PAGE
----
The bishop of Meath, Patrick Plunket (qv), granted Martin faculties for the diocese in March 1789, but the friar's pastoral activities took him into the neighbouring dioceses of Armagh and Dublin, and there are reports of his preaching as far away as Kilbride, Co. Wicklow. These travels brought him through the heartland of Defenderism, while in Drogheda he could not fail to have been affected by rising political tensions, exacerbated by the anti-Defender trials orchestrated in 1794 by the speaker of the Irish house of commons, John Foster (qv).
Martin joined the Society of United Irishmen in Easter 1797, having been sworn by two Franciscan friars, Patrick Duffy and James MacCartan. Following his political conversion he joined the Drogheda committee of the United Irishmen and was actively involved in promoting the principles of the society, in the city and beyond; in May 1798 General Lombard warned that ‘every day the public mind here about is becoming more ripe for action’ (NAI 620/39/20).
Following the outbreak of the rebellion of 1798 John Martin received a number of significant commissions from the Dublin United Irish Committee, based at Thomas St., which had assumed the functions of the directory, following the arrests at the house of Oliver Bond (qv). In his first assignment, in the early days of June, the friar was dispatched to Dunboyne, Co. Meath, and Manor Kilbride, Co. Wicklow, in order to reanimate the United Irish campaign, which had fallen into disarray following the defeat of the rebel army at the battle of Tara on 26 May 1798. On this mission, the priest encouraged the men to continue the struggle: ‘if you . . . have sworn to be faithful to one another, now that you see your houses burned is the time you are called to keep your oath’ (NAI 620/28/126).
Martin's second mission was more ambitious. The Dublin committee instructed him to ride south to Wicklow and Wexford, where the rebels still maintained a good deal of their original momentum, in a desperate attempt to coordinate an assault on Dublin, planned for 12 June. Martin set off for Arklow; en route he met with United Irish leaders, including Joseph Holt (qv), with whom he spent almost an hour discussing military plans from a vantage point above Rathfarnham, Co. Dublin. From there he rode south to Cronebane, Co. Wicklow, where he intended to liaise with the local United Irish leaders, but he was captured on 11 June by the Rathdrum yeomanry.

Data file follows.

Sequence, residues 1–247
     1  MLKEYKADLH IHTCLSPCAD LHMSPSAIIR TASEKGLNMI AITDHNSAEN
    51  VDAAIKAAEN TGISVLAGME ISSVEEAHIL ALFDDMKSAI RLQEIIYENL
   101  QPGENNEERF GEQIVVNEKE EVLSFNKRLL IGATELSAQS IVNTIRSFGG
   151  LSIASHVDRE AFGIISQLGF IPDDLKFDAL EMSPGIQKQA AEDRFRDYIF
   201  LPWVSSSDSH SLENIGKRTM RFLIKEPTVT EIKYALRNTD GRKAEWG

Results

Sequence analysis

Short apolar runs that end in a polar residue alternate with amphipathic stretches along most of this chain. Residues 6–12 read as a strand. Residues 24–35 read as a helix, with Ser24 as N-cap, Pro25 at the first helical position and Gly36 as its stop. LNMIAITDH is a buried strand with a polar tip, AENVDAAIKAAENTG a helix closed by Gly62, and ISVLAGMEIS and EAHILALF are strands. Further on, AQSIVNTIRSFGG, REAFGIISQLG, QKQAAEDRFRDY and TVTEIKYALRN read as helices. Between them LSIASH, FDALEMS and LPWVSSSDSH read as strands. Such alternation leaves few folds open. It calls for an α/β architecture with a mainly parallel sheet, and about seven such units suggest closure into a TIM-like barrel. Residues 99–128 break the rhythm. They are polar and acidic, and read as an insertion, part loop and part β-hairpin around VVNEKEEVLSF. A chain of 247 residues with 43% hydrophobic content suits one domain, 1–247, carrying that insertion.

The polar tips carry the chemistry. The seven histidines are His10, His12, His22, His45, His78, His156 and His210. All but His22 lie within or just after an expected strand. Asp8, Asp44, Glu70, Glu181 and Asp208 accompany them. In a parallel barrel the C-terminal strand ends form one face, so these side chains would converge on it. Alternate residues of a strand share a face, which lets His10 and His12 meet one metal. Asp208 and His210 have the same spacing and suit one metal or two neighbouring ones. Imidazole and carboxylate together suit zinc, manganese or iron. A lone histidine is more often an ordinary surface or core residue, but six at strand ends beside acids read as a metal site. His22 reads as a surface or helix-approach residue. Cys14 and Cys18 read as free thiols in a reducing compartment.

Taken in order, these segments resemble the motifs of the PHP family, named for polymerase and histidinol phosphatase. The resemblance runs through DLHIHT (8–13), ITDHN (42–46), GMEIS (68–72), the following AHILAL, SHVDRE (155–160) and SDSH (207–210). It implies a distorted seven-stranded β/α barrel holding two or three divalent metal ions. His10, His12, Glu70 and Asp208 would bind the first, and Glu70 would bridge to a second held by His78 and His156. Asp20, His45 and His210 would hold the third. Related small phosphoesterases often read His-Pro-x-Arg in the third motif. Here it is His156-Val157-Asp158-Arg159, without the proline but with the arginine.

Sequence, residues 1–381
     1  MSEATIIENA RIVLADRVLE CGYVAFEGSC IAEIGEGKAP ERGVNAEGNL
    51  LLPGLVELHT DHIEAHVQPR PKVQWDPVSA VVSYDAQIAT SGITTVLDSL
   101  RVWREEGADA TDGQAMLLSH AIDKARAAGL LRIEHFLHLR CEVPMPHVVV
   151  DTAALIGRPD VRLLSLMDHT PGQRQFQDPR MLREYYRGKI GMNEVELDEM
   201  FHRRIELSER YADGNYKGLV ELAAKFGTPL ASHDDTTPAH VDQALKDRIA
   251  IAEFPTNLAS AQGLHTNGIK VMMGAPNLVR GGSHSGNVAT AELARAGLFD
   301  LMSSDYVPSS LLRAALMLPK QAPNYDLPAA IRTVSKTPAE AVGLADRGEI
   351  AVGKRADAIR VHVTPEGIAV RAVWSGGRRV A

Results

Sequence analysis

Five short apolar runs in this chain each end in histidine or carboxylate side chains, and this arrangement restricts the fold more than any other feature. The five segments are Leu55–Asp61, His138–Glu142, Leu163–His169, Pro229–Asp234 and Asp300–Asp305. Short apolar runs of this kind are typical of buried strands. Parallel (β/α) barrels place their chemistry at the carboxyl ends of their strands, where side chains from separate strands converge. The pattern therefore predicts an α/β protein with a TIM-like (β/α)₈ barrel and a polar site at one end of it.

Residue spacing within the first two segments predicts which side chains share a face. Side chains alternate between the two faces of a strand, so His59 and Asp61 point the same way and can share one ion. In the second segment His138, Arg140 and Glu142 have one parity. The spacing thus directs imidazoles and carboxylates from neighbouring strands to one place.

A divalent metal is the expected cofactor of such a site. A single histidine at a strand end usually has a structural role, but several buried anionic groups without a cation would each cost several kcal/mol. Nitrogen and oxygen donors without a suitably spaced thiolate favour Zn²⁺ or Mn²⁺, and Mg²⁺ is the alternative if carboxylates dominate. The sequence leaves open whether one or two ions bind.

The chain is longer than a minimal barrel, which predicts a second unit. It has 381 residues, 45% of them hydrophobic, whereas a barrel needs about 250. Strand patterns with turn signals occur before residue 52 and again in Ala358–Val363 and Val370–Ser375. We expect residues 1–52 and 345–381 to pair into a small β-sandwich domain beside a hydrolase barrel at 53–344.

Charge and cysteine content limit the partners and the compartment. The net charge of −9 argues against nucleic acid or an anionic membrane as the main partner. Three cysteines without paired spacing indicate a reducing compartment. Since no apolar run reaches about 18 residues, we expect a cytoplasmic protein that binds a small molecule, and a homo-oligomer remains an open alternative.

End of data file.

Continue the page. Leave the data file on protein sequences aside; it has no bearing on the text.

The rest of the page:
The friar was interrogated by Capt. John Giffard (qv) of the Dublin city militia, who described him as ‘the greatest villain in society’ (NAI 620/38/160). Under threat of execution, Giffard extracted a full confession, which contained details on the politicisation of Drogheda and the revised military plan of the United Irishmen. On the strength of this confession several arrests were made in Drogheda, but the friar's evidence appears to have been insufficient to secure convictions. Martin was lodged in Kilmainham gaol, Dublin. In March 1800 he appealed to Richard Annesley at the Custom House to intervene on his behalf, but to no avail. Finally (5 August 1801) Martin made his escape by ladder from the prison and disappeared without trace, despite a reward of fifty guineas offered for his capture.
Martin has been neglected in the historiography of the rebellion. In many respects he was not easy to accommodate in the traditional interpretations, on account of his explicit politicisation, which suited neither loyalists nor rebel apologists who were anxious to present the rebellion as a spontaneous response to oppression. Neither did his role as informer facilitate his incorporation in the legends created by Fr Patrick Kavanagh (qv) in the late nineteenth century. More recently, historians have focused on Martin because his mission illustrates two significant points in the new historiography: both the overarching military plan for the rebellion of 1798 and its United Irish inspiration and direction.